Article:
Update: Yep, I totally missed this one, the one time out of dozens that it actually proves to be true. Glad the troll commenters are having a good time with it.
Provo (or, more specifically, Mayor John Curtis’ office) has been hyping up an “epic announcement” for weeks now. Somewhere in the speculation came a number of rumors that Google Fiber would be swooping in to either take over or supplant iProvo. Quite frankly, that’s an absolute load of malarkey. Nothing in the history of either Provo’s handling of its fiber optic assets or Google’s launch of Google Fiber cities would suggest anything like it.
For starters, we have to consider the way in which Google announces new fiber cities. Its history has been to send out a press release at least a few days out to generate buzz and send invitations to the tech and national press. This is not a company that announced these kinds of projects without a serious amount of fanfare.
Google also has a history of liking to roll its own solutions. One of the ways it got so big so fast was to create servers based on their own custom specs, not buying expensive off-the-self servers. Google Fiber is no different. They seem to relish the idea of starting from scratch and making something uniquely theirs. iProvo would require extensive upgrades to support 1Gbps connections and an entire head-end replacement to support modern MPEG-4 video.
There’s also the point of Google’s tacit support for municipal networks. Swooping in to take over a network would undermine their unspoken support for poking incumbent operators in the eye. Their goal has always been to shame ISPs into providing better service, even if that means throwing them under the bus in favor of municipal options. Taking over a network doesn’t match up with that at all.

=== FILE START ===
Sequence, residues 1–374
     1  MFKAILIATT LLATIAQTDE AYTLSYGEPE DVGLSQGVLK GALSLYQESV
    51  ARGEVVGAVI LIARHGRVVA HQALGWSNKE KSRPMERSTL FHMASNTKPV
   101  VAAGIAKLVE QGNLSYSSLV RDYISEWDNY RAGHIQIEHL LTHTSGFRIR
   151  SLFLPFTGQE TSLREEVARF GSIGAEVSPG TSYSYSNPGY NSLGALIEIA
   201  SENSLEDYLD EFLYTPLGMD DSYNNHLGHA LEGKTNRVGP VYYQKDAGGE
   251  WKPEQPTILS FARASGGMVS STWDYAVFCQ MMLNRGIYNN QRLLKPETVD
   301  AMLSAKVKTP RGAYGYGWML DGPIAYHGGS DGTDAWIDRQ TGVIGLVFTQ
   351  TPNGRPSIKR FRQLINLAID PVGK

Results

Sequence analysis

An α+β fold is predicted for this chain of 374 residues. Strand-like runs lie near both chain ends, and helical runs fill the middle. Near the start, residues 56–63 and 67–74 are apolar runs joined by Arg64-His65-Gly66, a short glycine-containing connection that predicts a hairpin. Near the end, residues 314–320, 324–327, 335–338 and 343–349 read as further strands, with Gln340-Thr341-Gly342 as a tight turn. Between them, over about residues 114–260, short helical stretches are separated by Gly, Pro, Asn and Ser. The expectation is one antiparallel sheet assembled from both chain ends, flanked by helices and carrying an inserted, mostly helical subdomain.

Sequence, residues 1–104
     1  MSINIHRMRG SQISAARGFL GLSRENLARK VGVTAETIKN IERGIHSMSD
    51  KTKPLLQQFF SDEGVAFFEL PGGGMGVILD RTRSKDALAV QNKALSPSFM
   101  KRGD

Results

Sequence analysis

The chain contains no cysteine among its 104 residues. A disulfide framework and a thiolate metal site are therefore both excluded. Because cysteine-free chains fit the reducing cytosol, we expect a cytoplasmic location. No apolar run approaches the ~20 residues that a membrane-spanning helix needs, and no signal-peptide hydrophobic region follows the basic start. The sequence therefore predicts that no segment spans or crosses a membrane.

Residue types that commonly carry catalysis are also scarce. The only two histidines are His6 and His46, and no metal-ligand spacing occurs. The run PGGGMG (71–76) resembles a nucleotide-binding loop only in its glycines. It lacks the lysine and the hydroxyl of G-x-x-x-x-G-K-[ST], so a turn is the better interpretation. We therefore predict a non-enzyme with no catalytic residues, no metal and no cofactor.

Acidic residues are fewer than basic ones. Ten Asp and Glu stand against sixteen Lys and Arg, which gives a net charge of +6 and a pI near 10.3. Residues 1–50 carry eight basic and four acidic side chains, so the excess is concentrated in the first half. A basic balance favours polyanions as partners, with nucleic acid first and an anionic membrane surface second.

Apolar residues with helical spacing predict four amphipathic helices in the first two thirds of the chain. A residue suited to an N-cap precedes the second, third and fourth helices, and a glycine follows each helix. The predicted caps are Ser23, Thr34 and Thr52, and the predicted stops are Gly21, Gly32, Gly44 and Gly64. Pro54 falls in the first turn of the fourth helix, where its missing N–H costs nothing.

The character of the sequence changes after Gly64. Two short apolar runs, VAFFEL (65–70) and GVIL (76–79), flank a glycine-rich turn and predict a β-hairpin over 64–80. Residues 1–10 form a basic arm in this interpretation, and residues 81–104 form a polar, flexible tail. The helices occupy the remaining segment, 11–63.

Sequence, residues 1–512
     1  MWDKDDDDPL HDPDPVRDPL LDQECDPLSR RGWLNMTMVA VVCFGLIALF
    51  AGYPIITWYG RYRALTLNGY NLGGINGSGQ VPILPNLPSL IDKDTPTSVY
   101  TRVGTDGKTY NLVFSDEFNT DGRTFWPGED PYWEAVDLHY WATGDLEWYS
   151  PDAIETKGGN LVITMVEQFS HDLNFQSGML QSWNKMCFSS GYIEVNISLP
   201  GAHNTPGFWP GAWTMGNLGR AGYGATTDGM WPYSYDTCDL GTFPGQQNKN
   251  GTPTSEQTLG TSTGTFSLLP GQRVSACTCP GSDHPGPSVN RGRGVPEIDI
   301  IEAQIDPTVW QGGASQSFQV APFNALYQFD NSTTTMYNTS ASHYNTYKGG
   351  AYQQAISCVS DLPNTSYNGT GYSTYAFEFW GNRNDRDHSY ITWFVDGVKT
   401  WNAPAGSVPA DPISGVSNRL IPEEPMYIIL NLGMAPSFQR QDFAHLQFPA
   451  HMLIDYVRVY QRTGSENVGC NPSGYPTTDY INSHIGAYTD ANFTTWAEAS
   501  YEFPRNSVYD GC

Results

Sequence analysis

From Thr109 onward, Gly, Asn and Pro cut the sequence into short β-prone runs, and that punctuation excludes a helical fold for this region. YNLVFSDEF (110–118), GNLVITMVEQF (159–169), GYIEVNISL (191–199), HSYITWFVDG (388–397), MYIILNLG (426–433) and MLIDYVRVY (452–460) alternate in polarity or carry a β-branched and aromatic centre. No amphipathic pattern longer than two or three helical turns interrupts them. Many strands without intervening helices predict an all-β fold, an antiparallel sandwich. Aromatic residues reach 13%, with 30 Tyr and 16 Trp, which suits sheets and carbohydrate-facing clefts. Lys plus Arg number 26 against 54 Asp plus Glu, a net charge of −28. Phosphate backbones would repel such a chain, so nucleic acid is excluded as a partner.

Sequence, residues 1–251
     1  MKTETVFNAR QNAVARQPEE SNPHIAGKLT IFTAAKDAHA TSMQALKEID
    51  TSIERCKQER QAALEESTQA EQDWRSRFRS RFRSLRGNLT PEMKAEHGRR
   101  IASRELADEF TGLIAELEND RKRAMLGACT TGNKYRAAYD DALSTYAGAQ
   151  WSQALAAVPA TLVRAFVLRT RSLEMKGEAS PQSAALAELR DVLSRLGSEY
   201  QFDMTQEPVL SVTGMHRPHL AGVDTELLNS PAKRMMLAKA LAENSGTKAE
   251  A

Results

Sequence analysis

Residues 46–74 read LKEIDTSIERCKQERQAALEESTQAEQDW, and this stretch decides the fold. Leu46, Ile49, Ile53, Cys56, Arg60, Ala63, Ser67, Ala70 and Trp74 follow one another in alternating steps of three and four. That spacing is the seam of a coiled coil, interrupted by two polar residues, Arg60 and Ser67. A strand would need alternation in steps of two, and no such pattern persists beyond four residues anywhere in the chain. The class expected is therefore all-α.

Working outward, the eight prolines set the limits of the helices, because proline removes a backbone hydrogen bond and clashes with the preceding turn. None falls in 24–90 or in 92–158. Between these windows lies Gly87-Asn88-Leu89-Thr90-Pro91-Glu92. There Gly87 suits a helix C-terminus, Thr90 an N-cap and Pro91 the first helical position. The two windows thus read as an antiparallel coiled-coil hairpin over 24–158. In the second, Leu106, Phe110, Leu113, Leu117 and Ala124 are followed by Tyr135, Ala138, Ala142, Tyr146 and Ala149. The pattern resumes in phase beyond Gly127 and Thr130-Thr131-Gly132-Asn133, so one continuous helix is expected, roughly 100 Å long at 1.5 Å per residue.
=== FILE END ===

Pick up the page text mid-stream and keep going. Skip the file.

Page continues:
The kicker, though, is Google’s terms for setting up shop. So far, Google has set it up so that they can walk away from their network if they decide it’s not for them. That probably sits just fine in Kansas City and Austin where they aren’t really on the hook for much. But Provo? They’ve spent half a decade trying to run away from iProvo. Any deal that doesn’t involve them washing their hands of the network would be anathema to every single action the city has undertaken under two different mayors and a lot of different council members.
Make no bones about it: Provo is not getting the bailout it so desperately desires. Hyping up these rumors does nothing to actually fix the situation, but it does distract from real looming problems like Veracity’s lease of the network expiring in two months. Instead of trying to find a white knight savior, it’s time for Provoans to demand that their elected officials address the elephant in the room instead of continuing to punt.
PS I’ve already told you to stop daydreaming and build the same kind of network that Google is. What are you waiting for?